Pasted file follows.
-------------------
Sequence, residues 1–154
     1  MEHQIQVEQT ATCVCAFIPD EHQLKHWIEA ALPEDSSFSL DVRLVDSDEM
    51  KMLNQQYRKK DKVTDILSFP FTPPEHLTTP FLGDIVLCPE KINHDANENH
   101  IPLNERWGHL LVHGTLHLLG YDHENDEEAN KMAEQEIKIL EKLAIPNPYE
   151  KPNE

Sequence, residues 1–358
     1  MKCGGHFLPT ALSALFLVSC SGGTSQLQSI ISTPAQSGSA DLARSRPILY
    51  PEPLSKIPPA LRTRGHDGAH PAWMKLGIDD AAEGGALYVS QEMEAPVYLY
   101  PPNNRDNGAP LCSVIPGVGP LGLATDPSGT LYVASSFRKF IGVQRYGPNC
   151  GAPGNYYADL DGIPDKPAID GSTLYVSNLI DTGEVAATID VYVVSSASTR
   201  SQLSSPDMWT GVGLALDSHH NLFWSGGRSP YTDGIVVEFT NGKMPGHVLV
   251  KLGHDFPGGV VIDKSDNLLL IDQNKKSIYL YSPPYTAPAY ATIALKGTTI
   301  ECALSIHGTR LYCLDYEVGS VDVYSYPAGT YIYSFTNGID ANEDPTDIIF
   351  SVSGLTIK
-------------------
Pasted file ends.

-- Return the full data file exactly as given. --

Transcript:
Sequence, residues 1–154
     1  MEHQIQVEQT ATCVCAFIPD EHQLKHWIEA ALPEDSSFSL DVRLVDSDEM
    51  KMLNQQYRKK DKVTDILSFP FTPPEHLTTP FLGDIVLCPE KINHDANENH
   101  IPLNERWGHL LVHGTLHLLG YDHENDEEAN KMAEQEIKIL EKLAIPNPYE
   151  KPNE

Sequence, residues 1–358
     1  MKCGGHFLPT ALSALFLVSC SGGTSQLQSI ISTPAQSGSA DLARSRPILY
    51  PEPLSKIPPA LRTRGHDGAH PAWMKLGIDD AAEGGALYVS QEMEAPVYLY
   101  PPNNRDNGAP LCSVIPGVGP LGLATDPSGT LYVASSFRKF IGVQRYGPNC
   151  GAPGNYYADL DGIPDKPAID GSTLYVSNLI DTGEVAATID VYVVSSASTR
   201  SQLSSPDMWT GVGLALDSHH NLFWSGGRSP YTDGIVVEFT NGKMPGHVLV
   251  KLGHDFPGGV VIDKSDNLLL IDQNKKSIYL YSPPYTAPAY ATIALKGTTI
   301  ECALSIHGTR LYCLDYEVGS VDVYSYPAGT YIYSFTNGID ANEDPTDIIF
   351  SVSGLTIK